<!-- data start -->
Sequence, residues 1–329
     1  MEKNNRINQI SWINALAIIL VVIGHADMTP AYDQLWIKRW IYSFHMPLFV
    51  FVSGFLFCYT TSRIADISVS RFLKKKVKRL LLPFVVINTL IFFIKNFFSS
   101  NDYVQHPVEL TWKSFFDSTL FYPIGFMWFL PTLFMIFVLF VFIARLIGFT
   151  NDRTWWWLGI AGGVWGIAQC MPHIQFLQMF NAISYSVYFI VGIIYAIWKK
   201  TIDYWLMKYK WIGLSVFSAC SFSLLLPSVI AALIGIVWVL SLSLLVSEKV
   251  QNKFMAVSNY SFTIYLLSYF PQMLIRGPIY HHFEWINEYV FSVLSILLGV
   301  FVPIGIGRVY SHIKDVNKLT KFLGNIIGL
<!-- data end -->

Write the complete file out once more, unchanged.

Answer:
Sequence, residues 1–329
     1  MEKNNRINQI SWINALAIIL VVIGHADMTP AYDQLWIKRW IYSFHMPLFV
    51  FVSGFLFCYT TSRIADISVS RFLKKKVKRL LLPFVVINTL IFFIKNFFSS
   101  NDYVQHPVEL TWKSFFDSTL FYPIGFMWFL PTLFMIFVLF VFIARLIGFT
   151  NDRTWWWLGI AGGVWGIAQC MPHIQFLQMF NAISYSVYFI VGIIYAIWKK
   201  TIDYWLMKYK WIGLSVFSAC SFSLLLPSVI AALIGIVWVL SLSLLVSEKV
   251  QNKFMAVSNY SFTIYLLSYF PQMLIRGPIY HHFEWINEYV FSVLSILLGV
   301  FVPIGIGRVY SHIKDVNKLT KFLGNIIGL